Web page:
Scoble: No ability to send electronic goods to anyone else. I know Mike Arrington has one. I wanted to send him a gift through this of Alan Greenspan’s new book. I couldn’t. That’s lame.  No social network. Why don’t I have a list of all my friends who also have Kindles and let them see what I’m reading?

Me:  These are actually two different complaints, but they come from the same place.  Just like everything need not be an iPhone, not every service should be Facebook.  This mad rush to create social networks around everything diminishes both the social network and the service.  There’s plenty of other avenues to share your reading list with your friends, and Amazon rightly chose to concentrate on the core functionality of the Kindle instead of the latest Web 2.0 faddishness.  It’s a far more significant accomplishment that you can download e-books into your library wirelessly than it would be to create a Kindle social network that most people wouldn’t use anyway.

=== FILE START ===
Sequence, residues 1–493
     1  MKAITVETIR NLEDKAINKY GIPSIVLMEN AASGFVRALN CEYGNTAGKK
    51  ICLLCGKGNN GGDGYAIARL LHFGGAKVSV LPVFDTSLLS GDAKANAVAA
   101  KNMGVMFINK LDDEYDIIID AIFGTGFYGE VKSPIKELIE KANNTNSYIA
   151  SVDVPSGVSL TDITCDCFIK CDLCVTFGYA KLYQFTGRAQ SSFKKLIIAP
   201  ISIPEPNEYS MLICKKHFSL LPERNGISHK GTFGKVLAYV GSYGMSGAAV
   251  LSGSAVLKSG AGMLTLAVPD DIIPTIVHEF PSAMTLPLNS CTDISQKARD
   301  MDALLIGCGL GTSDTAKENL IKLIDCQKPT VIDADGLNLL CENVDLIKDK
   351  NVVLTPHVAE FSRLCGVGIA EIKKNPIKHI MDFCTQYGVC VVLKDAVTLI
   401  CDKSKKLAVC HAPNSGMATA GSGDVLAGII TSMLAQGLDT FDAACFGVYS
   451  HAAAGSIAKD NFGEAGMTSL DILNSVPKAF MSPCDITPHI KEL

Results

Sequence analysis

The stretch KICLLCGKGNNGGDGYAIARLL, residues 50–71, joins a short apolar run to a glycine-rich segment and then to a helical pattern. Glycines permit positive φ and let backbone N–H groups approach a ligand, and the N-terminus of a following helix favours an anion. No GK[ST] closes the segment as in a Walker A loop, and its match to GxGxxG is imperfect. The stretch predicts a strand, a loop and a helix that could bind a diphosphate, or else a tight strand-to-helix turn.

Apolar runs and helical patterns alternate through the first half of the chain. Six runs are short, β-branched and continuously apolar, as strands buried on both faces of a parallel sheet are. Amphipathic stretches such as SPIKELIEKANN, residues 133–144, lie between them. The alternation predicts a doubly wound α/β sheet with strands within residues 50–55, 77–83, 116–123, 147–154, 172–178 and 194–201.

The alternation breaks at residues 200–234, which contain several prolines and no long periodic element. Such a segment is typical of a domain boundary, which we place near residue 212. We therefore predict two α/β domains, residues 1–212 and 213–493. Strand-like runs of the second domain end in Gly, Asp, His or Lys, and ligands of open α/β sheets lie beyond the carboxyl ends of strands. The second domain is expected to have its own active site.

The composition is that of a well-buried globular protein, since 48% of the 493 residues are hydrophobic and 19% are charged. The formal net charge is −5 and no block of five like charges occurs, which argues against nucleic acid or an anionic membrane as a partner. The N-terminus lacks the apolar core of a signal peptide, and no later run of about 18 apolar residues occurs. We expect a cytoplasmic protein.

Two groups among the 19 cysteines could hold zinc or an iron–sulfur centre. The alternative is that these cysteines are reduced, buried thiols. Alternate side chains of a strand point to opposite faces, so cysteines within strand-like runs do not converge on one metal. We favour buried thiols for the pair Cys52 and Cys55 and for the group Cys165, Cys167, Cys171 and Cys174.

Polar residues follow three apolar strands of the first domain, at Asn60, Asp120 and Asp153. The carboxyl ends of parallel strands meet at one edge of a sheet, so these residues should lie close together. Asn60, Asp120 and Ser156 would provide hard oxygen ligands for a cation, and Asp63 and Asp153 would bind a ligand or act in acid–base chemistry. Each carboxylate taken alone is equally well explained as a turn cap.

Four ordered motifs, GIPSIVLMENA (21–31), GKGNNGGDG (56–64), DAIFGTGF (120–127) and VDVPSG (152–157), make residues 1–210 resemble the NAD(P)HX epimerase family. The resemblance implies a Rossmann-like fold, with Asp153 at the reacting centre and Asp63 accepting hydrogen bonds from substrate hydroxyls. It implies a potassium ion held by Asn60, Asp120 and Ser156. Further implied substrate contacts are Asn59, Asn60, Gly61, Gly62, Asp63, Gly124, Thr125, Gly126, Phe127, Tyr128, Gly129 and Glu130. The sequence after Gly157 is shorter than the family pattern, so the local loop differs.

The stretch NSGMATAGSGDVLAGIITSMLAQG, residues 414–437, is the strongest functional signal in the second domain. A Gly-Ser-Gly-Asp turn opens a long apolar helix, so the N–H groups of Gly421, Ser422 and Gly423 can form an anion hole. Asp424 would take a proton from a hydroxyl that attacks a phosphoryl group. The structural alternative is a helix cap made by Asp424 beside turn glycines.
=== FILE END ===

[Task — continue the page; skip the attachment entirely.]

Scoble: No touch screen. The iPhone has taught everyone that I’ve shown this to that screens are meant to be touched. Yet we’re stuck with a silly navigation system because the screen isn’t touchable.

Me: Wrong, wrong, wrong. Touchscreens are a good idea for some devices, but a bad idea for others.  In some cases, adding a touchscreen would make the device harder to use (imagine replacing the TV remote with a touchscreen). In this case, adding a touchscreen would require compromises in other areas. It would make the device significantly more expensive.  It’s already too expensive at $399. It would decrease battery life, as the reason the battery lasts so long is that e-ink only draws power when the display changes (ask Steve Jobs about design compromises driven by lengthening time between recharges). Finally, the screen on the Kindle is designed primarily for displaying text.  Everything else is secondary, and for now at least, there’s no such thing as an e-ink touchscreen.  And for an e-book, e-ink and menus trumps touch.